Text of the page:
Tuesday, January 1, 2013

Ask Tony: Why would Catholics celebrate Jesus' circumcision?

Giovanni Bellini (1430-1516), Circumcision of Jesus
Today, January 1, is the Solemnity of Mary, the Mother of God, a holy day of obligation in the Catholic Church.  But on older calendars, since it falls on the eighth day of Jesus' life (according to traditional Jewish and Roman reckoning), it was — and still is, by traditional and Eastern Catholics, as well as some Lutherans — celebrated as the Feast of the Circumcision.

Now, if you focus on the fact of the circumcision itself, you can get kinda creeped out; just to add to the creepiness, the story goes that at one time there were so many people claiming to possess as a relic the Holy Prepuce that one pope forbade further mention of it on pain of excommunication.  (That's the story, at least.  The reports and claims of faked relics have themselves suffered from inflation and exaggeration over the years; while forged first- and second-class relics were a problem for a long time, serious scholars of the medieval period doubt they were ever so abundant as has been alleged.)

Part of the problem is semantic, even cultural.  "Celebrate" has taken on implications of joyous fun that, when the rite emerged, weren't necessarily present in its Latin roots.  The noun celebratio and the verb celebro, celebrare in their primary uses referred simply to the act of gathering or thronging, especially for a ritual, and only secondarily to commemorating a special occasion; the Eucharistic meal as a feast can hardly be called festive.  Think of "holiday", and how it began life as a contraction of "holy day": holidays became vacations because holy days entail rest from labor.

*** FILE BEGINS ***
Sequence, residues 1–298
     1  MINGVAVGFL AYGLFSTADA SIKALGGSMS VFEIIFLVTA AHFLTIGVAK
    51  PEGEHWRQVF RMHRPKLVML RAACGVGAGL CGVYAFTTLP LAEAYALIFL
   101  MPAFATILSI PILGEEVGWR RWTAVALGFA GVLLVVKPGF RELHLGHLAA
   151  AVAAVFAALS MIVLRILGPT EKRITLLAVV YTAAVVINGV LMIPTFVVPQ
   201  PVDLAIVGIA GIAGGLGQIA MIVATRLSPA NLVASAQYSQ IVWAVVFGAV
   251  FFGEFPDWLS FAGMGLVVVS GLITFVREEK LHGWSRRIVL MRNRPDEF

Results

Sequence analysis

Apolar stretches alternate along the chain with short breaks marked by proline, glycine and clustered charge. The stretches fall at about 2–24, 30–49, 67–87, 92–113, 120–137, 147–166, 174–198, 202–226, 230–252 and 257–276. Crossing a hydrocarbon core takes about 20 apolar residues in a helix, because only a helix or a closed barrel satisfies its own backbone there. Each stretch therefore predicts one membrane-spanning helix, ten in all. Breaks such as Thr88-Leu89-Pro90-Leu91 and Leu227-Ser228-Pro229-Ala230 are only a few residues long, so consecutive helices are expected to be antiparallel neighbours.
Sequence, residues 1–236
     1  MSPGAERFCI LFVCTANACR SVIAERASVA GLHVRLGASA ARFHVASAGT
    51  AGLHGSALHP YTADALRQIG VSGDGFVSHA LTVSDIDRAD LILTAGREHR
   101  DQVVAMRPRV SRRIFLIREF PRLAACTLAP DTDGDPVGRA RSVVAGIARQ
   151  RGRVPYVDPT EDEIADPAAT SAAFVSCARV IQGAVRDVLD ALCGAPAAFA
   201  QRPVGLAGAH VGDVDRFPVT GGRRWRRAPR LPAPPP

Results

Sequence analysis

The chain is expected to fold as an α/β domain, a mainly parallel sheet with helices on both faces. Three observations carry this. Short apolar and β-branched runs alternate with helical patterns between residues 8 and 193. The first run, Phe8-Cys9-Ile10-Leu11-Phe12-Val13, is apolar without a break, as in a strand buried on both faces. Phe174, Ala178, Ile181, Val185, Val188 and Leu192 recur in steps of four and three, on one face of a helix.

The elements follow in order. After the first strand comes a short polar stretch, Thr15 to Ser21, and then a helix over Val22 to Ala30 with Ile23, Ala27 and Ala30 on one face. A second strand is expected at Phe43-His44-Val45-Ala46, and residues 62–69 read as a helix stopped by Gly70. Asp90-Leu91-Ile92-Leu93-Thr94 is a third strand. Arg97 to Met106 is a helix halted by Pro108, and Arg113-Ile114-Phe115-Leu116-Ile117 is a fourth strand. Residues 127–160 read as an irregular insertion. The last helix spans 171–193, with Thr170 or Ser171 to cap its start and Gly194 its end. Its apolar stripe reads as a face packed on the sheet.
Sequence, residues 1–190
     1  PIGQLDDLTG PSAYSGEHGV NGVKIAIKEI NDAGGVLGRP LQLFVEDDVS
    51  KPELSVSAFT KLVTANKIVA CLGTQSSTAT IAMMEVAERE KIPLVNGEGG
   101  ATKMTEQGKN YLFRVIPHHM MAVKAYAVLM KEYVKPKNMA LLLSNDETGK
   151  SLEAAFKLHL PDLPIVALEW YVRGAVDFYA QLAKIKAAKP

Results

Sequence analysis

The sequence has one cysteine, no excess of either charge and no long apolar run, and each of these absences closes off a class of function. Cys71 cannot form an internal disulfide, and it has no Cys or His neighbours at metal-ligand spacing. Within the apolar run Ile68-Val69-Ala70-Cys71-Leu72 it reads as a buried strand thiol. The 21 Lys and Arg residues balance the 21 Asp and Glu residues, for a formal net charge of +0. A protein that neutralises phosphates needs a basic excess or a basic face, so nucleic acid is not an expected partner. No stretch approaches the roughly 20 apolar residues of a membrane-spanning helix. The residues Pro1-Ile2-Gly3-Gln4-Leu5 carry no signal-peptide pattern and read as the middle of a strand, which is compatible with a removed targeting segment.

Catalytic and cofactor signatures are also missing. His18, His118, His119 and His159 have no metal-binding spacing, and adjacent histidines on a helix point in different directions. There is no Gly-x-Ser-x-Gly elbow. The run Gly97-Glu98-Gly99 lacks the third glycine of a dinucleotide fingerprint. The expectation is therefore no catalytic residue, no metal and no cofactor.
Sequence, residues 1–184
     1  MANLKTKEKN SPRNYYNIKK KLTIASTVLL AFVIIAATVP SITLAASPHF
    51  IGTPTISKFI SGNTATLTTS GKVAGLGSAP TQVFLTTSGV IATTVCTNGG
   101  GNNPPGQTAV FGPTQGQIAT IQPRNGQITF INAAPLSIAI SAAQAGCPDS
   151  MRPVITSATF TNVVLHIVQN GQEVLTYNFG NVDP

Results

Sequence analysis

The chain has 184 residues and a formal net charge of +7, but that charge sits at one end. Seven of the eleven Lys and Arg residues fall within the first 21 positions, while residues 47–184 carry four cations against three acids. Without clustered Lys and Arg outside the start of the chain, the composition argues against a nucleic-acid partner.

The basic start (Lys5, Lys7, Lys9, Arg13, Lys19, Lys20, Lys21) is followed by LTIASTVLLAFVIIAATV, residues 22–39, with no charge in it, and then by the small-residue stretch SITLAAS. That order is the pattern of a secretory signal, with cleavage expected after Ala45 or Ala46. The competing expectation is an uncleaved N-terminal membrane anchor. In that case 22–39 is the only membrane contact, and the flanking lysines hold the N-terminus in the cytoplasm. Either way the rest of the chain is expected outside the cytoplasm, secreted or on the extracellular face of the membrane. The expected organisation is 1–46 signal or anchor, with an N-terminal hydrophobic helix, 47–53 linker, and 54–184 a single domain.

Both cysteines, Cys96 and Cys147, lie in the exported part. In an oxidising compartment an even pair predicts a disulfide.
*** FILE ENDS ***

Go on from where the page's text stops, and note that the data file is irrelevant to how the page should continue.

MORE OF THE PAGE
The significance of the Lord's brith is that it symbolizes the bonding of Jesus to the covenant of the Law.  In his nativity, God becomes human; in his circumcision, God becomes a Jew.  From this attachment to a particular communion and community, He can then work to extend salvation outward, from Judea to the farthest corners of the earth.

"Think not that I have come to abolish the law and the prophets; I have come not to abolish them but to fulfill them" (Mt 5:17).  To fulfill the Law, Jesus had to be subject to the Law as much as any Jewish person: to be counted among his people, the Governor must himself be governed.  Even looking at it from a purely human perspective (Jesus as Jewish reformer), the true Reformer doesn't come from outside, and doesn't go outside, that which he wishes to reform; those who do engage in mere innovation.  Moreover, Jesus had to be (to use St. Paul's phrase) "perfect as touching the Law" in order to be the unblemished Paschal sacrifice; to be perfect according to the Law, he had to be accountable to the Law in a way that no Gentile, even God-fearing Gentiles like the centurion Cornelius (vide Ac 10), could approach — he had to not only publicly practice Judaism but be known to be Jewish from birth.

So from the standpoint of soteriology, Jesus' circumcision wasn't simply a rote observance of an ancient and somewhat macabre ritual but was rather a necessary step towards establishing his "street cred" as a Jew and a descendant of David, without which he could not claim the role of Messiah.  Just the idea of the Ruler of the Universe being bound by His own laws provides plenty of material for reflection.

The question, then, is no longer "Why do Catholics celebrate that?"  Rather, the question is: Why don't other Christian communions celebrate it?